TUESDAY, Aug. 16 (HealthDay News) -- Some thyroid cancer patients with early disease may be given radioactive iodine unnecessarily, while others with more advanced tumors who should get the treatment don't, a new study suggests.
More than 44,000 people are diagnosed with thyroid cancer annually in the United States, according to the study. When caught early, it is highly treatable by surgically removing the thyroid, and the vast majority of people survive.
To kill off any remnants of cancerous tissue, patients are often treated with radioactive iodine.
But the new study finds wide variation from hospital to hospital in the percentage of thyroid cancer patients getting radioactive iodine.
"We found that there was wide variation in the use of radioactive iodine, and the hospital where you received care made a difference in whether or not you received it," said study author Dr. Megan Haymart, an assistant professor of internal medicine at University of Michigan. "Whenever there is so much variation it suggests there is uncertainty -- that physicians are uncertain when radioactive iodine is indicated and when it's not."
The study is published in the Aug. 17 issue of the Journal of the American Medical Association.
Current guidelines recommended radioactive iodine to reduce recurrence in advanced thyroid cancer, including larger tumors and cancer that seems to be moving outside the thyroid. For less advanced, "low- risk" disease, the research isn't there to support the widespread use of radioactive iodine, Haymart said.
To determine how radioactive iodine is being used throughout the nation's hospitals, researchers looked at information from the U.S. National Cancer Database on nearly 190,000 thyroid cancer patients treated at 981 hospitals between 1990 and 2008.
During that period, the use of radioactive iodine increased from about 40 percent of patients in 1990 to 56 percent of patients in 2008.
While patients who had "low-risk" disease (stage 1) were less likely to receive radioactive iodine than patients with advanced thyroid cancer (stage 4), people with stage 2 and stage 3 cancers were just as likely as those with stage 4 tumors to receive the treatment.
The likelihood of receiving radioactive iodine also had a lot to do with where people were treated.
Overall, about 37 percent of women under age 45 with stage 1 tumors received radioactive iodine. But that ranged from 0 percent at some hospitals to more that 90 percent at others.
For a high-risk case -- a man over age 45 with stage 3 or 4 disease, the odds of getting radioactive iodine ranged from 25 percent at some hospitals to 90 percent at others. In this case, the guidelines would call for him to receive iodine treatment.
"The number of patients receiving radioactive iodine has increased significantly, and the researchers find that people with these earliest cancers are getting it with no apparent explanation as to why," said Dr. Len Lichtenfeld, deputy chief medical officer of the American Cancer Society. "There is a lot of variation in the use of radioactive iodine, which appears to be based more on preferences of the physician, patients or both, than any particular scientific or evidence-based reason."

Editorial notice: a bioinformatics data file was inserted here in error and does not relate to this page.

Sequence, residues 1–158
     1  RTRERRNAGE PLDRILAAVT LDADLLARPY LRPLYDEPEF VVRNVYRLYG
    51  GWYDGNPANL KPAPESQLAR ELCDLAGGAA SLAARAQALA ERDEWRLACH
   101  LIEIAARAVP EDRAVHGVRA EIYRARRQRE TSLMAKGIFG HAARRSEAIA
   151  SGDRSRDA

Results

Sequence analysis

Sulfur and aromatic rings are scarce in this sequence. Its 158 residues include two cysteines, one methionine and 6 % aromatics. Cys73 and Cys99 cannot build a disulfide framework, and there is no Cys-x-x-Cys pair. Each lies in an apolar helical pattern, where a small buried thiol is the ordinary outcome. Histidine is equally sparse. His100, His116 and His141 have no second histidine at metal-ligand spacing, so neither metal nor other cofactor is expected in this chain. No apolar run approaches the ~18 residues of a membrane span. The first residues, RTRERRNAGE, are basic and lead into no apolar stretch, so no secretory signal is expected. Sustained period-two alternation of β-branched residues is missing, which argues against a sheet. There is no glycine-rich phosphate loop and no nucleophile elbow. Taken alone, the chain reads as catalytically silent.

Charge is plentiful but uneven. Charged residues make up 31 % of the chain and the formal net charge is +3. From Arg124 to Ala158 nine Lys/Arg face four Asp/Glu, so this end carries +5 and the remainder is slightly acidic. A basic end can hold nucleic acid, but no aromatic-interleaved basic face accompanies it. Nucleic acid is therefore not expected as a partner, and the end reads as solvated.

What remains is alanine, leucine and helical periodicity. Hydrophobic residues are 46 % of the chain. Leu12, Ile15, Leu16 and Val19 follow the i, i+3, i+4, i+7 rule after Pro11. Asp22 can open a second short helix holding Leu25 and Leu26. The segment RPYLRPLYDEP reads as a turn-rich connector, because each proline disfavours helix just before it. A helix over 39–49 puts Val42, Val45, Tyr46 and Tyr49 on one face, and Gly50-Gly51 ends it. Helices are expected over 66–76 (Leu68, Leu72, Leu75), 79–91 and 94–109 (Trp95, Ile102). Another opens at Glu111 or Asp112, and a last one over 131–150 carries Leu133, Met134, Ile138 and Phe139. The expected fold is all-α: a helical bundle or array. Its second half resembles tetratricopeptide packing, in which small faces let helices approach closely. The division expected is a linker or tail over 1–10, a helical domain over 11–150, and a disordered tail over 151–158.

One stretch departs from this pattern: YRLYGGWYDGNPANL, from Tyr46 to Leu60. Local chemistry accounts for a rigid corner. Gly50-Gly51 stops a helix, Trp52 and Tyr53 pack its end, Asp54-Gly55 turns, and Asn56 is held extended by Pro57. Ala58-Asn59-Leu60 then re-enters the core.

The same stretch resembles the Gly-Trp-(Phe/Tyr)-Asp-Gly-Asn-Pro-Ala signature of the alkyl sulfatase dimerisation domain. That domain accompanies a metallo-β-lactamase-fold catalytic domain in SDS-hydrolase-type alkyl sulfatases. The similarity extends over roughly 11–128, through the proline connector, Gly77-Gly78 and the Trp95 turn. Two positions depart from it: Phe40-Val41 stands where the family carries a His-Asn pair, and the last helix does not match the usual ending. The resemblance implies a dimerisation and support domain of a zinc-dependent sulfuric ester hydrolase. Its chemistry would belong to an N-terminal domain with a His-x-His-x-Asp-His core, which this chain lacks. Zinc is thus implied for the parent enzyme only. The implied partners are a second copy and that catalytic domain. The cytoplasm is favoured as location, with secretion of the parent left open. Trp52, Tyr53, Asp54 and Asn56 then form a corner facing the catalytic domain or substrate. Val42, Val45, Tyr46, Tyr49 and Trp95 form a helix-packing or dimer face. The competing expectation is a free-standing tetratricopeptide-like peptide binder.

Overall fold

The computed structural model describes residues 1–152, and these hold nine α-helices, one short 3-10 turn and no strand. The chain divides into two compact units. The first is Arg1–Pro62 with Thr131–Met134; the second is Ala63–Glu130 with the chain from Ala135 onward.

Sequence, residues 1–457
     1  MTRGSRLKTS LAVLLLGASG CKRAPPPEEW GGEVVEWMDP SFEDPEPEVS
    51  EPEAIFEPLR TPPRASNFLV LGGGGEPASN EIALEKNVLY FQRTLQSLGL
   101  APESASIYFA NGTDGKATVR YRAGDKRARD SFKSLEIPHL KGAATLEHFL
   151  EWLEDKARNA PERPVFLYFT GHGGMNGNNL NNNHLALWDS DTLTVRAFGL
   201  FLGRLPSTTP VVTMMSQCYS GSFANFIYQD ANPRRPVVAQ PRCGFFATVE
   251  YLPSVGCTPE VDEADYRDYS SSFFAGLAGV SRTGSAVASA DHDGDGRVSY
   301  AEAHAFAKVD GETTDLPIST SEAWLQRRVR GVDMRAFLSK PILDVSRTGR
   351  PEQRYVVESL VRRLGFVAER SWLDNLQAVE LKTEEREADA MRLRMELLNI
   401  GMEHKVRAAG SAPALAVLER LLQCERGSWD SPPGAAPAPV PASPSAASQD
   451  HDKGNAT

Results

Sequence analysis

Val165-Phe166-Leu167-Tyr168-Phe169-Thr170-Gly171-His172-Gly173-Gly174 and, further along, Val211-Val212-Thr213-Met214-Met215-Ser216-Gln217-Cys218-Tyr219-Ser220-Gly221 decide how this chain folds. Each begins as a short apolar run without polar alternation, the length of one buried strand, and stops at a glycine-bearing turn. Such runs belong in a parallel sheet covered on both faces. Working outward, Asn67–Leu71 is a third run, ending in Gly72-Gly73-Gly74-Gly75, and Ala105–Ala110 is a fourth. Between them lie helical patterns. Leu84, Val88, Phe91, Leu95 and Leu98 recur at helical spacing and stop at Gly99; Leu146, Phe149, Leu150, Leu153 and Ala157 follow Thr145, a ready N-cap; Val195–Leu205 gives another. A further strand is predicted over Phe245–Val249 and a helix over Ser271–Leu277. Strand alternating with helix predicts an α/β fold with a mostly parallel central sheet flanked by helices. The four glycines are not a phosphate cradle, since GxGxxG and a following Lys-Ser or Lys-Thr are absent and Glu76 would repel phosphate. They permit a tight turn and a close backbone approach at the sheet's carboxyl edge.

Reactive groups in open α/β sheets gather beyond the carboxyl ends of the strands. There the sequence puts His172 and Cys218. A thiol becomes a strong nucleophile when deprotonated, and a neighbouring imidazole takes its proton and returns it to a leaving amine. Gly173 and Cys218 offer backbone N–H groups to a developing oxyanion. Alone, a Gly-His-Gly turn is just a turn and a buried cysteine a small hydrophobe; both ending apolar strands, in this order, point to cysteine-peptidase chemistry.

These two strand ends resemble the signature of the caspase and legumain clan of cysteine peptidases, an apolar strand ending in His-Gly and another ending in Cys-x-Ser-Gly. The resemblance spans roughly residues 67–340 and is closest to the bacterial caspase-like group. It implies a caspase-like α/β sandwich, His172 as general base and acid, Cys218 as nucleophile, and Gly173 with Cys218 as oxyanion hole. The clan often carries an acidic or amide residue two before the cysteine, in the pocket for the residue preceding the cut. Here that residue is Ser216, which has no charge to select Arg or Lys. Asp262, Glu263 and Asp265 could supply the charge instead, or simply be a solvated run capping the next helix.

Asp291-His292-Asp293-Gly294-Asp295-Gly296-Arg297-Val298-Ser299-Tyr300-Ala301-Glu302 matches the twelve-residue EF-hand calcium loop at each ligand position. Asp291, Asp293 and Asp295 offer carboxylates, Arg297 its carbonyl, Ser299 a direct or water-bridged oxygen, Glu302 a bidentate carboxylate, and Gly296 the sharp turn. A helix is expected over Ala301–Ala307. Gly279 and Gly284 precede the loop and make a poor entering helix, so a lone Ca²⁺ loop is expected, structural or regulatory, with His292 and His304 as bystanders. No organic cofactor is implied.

Radioactive iodine treatment carries some risks, including a slight increase in the chances of getting leukemia or damage to nearby tissue such as salivary glands. Women have to avoid getting pregnant for six months to a year, and have to stay away from young children for about a week after treatment.
"The risk may be relatively minimal, but it's not without some risk," Lichtenfeld said.
But Dr. Edward Livingston, chairman of gastrointestinal and endocrine surgery at University of Texas Southwestern Medical Center, took the research to task, saying that the data doesn't support a conclusion that radioactive iodine is being given inappropriately to low-risk patients
The data used in the analysis isn't detailed enough to know why physicians decided to give the radioactive iodine. Some surgeons may purposefully leave a bit of thyroid tissue to avoid damaging nerves around the gland -- a complication of thyroid surgery -- and then use radioactive iodine to kill the remaining tissue.
"You don't really know enough about what the decision-making was for an individual patient or an individual surgeon," Livingston said.
And there is very little downside to radioactive iodine, he added, with the risk of additional cancers "pretty remote."
To truly compare whether giving radioactive iodine is the best course of treatment in most cases, researchers would need to track outcomes for those who received the treatment and those who didn't over the long-term.
"You really can't look at this intermediate measure of whether they got this iodine or not. You have to look at whether they got cancer again," Livingston said. "Those studies take a long time and they're expensive, but they're worth it because you can only make conclusions about the effectiveness of a particular treatment by knowing that."
On that point, the other experts agreed.
"It all points to the fact that we need better research on thyroid cancer management, so that then the clinical guidelines clearly direct patients and physicians to which patients actually need to radioactive iodine," Haymart said.
The Hormone Foundation has more on thyroid disease.
SOURCES: Megan Haymart, M.D., assistant professor, internal medicine, University of Michigan Medical School, Ann Arbor; Len Lichtenfeld, M.D., deputy chief medical officer, American Cancer Society; Edward Livingston, M.D., chairman, gastrointestinal and endocrine surgery, University of Texas Southwestern Medical Center, Dallas; Aug. 17, 2011, Journal of the American Medical Association
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